Monday, 23 April 2007

cake on request

Since S so sweetly requested a marbled cake, what else could I do but strap on my apron and start baking? It was the ideal occasion to use the cake mould my granny had given me recently. She had bought it aeons ago (the price label on the box is in Belgian francs – that long ago), only used it once and she knows I love baking so thought I would put it to better use than her.

The recipe I used is my family’s version of the classic quatre quarts, or pound cake, and is a complete doddle to make.

4 eggs (separated, whites whipped)
250g butter (softened)

250g sugar (including some vanilla sugar)

250g flour (self-raising or with baking powder)

Cream the butter with sugar, add egg yolks, fold in egg whites, add flour et voilà: basic cake dough. For a marbled cake, take a blob of dough and mix in some cocoa powder, until you’re happy with the cocoa-ness of it. Butter your cake mould, bung in a layer of plain dough, followed by a chocolate layer, another layer of plain dough and bake at 150˚C for about 45 minutes or until a skewer inserted in the middle comes out clean.

The mould I used was smaller than the one I normally use, leaving me with quite a bit of leftover dough. Which mysteriously diminished every time S paid a visit to the kitchen. But still, there was enough left for me to finally try something with that unopened pack of matcha I’d had sitting in my pantry for so long and never got around to using. So I mixed a bit of matcha in the dough until the whole thing was sufficiently green, and baked it in rectangular mini moulds. The resulting mini cakes were deliciously moist, with a very subtle matcha taste – the bitterness of the tea nicely counterbalanced the sweetness of the cake.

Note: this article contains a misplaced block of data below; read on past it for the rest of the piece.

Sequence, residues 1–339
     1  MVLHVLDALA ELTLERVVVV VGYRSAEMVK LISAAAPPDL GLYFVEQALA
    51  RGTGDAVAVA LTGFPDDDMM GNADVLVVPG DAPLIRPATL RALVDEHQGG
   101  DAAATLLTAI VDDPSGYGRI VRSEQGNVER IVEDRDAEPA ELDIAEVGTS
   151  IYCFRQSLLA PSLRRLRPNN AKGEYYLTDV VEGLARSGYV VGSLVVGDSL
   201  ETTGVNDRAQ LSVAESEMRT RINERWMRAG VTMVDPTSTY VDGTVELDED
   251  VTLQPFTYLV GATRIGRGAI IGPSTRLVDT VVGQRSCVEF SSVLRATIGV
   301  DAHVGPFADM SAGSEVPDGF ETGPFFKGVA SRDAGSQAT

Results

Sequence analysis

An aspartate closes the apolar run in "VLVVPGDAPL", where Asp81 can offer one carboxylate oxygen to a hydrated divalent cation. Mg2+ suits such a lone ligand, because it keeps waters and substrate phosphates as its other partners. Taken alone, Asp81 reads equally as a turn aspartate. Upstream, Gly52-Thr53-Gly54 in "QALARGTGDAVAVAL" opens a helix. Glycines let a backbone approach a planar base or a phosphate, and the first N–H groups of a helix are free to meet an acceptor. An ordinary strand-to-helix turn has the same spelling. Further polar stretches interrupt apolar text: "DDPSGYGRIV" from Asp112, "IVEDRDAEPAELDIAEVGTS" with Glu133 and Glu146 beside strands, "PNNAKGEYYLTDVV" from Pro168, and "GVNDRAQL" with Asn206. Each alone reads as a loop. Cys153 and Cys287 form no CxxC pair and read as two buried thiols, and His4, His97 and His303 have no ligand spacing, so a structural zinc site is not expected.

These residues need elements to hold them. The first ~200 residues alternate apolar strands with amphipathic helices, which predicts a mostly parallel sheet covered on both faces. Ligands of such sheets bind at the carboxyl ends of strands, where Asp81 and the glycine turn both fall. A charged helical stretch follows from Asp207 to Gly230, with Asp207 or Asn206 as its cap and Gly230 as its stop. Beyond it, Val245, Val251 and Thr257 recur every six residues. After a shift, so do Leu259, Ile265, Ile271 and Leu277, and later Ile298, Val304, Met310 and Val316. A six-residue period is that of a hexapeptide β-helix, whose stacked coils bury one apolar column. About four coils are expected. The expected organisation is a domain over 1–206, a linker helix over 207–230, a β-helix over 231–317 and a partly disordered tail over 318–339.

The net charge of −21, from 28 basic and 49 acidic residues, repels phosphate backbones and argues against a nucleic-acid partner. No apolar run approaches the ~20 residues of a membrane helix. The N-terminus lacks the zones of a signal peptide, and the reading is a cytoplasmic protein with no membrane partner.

Yummy though it was (even S approved), it did look a bit plain. So, in a vain effort to try and make it look a bit more professional and posh, I played around a bit with the presentation, plating it with strawberries, raspberry coulis and a dusting of icing sugar. The whole thing ended up looking as if the strawberries had been violently slaughtered on the cake, but the tart fruit and coulis nicely complemented the bitter matcha.

And the end result? I was happy I could finally used my ‘new’ baking mould and the matcha powder, and S was a very happy bunny indeed with his marbled cake. if only all happiness was as simple as a nice piece of cake…

Friday, 20 April 2007


no points for guessing where I've been...

Back at home, back at work and still ‘enjoying’ jet lag. With six long haul and three short haul flights in the past month, I’ve now done more than my bit to pollute the earth – maybe I should plant my back garden full of trees (but I’m not sure the neighbours would agree) or not use electricity for about a decade (but that would pose some serious problems involving ovens and baking, not to mention computers and my little blog). It feels strange being back after such a long time away. All that’s left now is memories. Oh, and a gazillion pictures to sort through.

a spread of Peranakan food (but not the home-cooked one)

Singapore was fun – I especially liked the notices in the MRT (the local underground) listing different fines for eating, drinking and smoking, plus a separate and huge fine for eating durian. S and I caught up with friends who introduced us to the different cuisines of Singapore: cheap ‘n cheerful hawker food, chilli crab, dinner at the Fullerton hotel (our friends know the chef there and he prepared something special for us). We also enjoyed an utterly delicious home-cooked Peranakan meal (prepared by a linguitst/writer/chef) for my friend W’s birthday. Thank you B and K for inviting us into your home and making our tummies so happy!

the Blue Mountains